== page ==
In August 2020, Prime Minister Shinzo Abe stepped down as the longest-serving prime minister of Japan. Many analysts and scholars have argued that the legacy of his long tenure was pragmatism, his economic orientation and introducing values into Japan’s foreign policy.

Already in 2007, Abe defined Japanese foreign policy values in liberal terms, which included freedom, democracy, and respect for basic human rights. The importance of those liberal values has been continuously highlighted in the country’s foreign political guidelines, most recently the “Free and Open Indo-Pacific Vision” (FOIP). The centrality of values is also apparent in the Official Development Cooperation (ODC) Charter revised in 2015.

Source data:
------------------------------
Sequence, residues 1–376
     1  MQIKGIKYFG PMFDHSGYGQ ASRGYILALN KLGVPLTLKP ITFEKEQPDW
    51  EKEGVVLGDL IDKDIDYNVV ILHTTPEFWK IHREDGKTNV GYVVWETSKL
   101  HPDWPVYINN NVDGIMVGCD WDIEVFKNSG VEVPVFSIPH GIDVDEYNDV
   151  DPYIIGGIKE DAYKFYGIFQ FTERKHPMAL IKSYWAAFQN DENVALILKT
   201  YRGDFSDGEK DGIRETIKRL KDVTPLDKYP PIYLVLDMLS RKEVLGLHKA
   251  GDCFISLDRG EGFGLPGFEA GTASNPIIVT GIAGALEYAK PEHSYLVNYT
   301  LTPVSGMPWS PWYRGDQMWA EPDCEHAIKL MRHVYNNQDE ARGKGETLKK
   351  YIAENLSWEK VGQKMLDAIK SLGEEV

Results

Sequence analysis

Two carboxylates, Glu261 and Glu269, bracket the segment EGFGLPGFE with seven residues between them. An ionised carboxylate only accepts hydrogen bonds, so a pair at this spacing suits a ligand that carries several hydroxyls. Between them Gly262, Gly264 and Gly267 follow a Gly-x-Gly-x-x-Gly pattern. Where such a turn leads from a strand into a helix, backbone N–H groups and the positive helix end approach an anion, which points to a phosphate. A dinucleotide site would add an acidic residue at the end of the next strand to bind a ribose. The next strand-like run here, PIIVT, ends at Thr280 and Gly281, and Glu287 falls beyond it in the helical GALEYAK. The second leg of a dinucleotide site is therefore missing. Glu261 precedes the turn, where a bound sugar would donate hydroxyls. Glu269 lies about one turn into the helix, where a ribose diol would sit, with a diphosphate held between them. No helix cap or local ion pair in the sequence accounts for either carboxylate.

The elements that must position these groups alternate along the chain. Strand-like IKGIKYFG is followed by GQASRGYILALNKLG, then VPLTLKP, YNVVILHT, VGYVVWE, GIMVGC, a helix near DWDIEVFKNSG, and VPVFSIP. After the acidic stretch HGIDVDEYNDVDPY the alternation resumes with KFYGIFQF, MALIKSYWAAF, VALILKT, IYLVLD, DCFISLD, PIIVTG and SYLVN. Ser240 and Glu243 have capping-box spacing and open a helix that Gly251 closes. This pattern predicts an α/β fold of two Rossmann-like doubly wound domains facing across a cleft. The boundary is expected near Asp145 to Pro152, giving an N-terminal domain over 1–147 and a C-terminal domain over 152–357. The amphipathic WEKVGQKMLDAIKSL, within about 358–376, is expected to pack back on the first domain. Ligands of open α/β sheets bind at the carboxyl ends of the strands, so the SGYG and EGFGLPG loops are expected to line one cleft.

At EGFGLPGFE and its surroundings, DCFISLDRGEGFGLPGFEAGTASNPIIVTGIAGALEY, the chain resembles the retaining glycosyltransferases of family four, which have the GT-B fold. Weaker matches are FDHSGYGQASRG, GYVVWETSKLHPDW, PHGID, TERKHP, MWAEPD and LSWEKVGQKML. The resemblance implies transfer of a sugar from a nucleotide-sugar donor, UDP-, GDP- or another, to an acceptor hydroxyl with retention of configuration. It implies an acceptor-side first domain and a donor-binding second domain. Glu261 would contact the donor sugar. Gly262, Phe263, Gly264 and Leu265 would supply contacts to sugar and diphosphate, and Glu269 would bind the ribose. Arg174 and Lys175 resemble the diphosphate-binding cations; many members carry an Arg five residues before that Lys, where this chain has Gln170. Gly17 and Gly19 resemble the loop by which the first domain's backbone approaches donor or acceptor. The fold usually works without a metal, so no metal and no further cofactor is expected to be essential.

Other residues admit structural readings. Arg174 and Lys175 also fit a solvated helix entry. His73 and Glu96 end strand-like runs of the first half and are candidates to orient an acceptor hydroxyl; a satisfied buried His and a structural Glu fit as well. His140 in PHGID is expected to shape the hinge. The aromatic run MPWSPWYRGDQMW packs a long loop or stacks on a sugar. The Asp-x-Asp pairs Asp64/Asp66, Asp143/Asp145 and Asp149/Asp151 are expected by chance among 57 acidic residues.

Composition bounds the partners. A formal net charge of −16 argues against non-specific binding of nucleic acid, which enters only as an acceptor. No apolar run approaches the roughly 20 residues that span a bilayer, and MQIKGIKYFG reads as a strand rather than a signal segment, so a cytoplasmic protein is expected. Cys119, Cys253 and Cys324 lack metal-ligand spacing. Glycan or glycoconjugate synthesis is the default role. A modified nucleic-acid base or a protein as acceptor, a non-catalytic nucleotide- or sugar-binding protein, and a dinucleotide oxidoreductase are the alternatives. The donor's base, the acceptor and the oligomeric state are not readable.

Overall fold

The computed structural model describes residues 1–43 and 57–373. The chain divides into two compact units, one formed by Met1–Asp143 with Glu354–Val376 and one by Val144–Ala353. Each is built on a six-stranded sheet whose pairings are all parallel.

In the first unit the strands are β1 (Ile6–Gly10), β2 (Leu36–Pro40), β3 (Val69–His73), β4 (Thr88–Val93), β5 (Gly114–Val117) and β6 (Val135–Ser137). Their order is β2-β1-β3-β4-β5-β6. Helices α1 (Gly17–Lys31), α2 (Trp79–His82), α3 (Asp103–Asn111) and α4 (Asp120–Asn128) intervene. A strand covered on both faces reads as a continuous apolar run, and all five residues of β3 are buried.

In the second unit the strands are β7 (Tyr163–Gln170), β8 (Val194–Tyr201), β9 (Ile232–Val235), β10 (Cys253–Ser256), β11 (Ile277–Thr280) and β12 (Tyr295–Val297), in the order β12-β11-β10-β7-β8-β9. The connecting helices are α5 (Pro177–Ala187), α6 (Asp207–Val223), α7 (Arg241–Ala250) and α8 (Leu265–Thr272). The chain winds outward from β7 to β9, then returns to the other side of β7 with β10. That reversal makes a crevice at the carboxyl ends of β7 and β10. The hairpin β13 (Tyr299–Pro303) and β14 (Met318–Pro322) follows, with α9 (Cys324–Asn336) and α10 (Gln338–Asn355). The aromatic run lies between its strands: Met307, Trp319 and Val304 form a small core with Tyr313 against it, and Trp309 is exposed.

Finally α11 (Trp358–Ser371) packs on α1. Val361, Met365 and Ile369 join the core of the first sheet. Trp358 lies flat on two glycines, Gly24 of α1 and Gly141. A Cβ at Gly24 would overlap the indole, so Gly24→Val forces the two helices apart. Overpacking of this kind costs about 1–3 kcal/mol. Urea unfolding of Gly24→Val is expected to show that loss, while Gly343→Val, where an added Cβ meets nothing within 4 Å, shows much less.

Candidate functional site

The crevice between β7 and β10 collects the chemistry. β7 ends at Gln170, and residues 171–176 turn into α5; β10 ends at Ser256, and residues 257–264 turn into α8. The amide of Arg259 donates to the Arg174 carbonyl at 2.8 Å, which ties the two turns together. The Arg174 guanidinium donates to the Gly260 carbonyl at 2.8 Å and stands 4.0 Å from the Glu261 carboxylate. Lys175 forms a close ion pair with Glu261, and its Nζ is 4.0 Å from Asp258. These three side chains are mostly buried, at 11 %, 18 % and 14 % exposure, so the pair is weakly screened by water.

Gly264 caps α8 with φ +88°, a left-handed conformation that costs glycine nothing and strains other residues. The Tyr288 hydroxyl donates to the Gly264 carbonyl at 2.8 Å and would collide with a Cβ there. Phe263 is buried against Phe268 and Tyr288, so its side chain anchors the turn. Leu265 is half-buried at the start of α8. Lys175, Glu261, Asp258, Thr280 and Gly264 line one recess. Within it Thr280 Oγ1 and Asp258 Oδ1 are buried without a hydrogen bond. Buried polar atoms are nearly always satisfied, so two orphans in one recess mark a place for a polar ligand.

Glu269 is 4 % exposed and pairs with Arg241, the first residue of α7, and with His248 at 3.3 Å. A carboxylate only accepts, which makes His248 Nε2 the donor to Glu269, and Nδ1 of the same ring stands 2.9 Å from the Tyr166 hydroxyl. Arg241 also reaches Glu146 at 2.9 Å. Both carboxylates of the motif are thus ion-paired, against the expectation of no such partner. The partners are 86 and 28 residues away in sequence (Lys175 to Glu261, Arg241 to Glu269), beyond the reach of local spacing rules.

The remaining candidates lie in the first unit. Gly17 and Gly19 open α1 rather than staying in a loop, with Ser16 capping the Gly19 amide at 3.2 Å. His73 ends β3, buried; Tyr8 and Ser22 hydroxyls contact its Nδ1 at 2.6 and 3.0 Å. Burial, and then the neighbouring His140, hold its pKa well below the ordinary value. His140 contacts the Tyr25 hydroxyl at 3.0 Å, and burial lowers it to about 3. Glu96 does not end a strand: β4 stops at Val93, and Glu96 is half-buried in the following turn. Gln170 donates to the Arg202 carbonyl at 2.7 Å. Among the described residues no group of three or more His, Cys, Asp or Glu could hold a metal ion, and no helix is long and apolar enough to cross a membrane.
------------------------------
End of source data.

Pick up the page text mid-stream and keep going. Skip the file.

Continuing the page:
Recently, Abe’s successor, Yoshihide Suga, confirmed the continuation of the value-oriented foreign policy Abe developed. But how did the value-oriented policy manifest in actual policies? The case of Myanmar is a good example to show that values have played only a marginal role in Japan’s foreign policy so far.